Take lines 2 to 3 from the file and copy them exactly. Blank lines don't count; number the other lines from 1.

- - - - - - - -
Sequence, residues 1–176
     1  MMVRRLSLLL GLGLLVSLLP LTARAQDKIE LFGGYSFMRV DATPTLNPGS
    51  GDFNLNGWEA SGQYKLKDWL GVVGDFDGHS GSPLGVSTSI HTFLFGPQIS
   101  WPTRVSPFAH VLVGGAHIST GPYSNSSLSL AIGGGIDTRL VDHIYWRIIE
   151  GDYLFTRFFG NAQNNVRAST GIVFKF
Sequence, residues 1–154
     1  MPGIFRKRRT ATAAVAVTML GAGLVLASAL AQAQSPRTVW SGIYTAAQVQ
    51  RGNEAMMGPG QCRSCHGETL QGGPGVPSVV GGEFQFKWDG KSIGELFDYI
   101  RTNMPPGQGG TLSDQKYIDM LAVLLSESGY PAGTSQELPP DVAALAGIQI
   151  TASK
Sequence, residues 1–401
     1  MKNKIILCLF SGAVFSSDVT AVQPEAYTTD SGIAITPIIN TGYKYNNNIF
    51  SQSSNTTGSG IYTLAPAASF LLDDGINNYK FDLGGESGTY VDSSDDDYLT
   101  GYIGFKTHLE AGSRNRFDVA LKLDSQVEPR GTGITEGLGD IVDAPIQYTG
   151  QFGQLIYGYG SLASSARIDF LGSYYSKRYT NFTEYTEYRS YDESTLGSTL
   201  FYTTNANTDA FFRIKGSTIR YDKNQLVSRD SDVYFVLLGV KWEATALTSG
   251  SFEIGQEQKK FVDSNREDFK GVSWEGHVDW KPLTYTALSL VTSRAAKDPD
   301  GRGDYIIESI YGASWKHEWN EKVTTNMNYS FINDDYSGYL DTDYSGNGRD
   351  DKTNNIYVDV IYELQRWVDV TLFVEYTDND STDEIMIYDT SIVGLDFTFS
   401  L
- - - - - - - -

     1  MMVRRLSLLL GLGLLVSLLP LTARAQDKIE LFGGYSFMRV DATPTLNPGS
    51  GDFNLNGWEA SGQYKLKDWL GVVGDFDGHS GSPLGVSTSI HTFLFGPQIS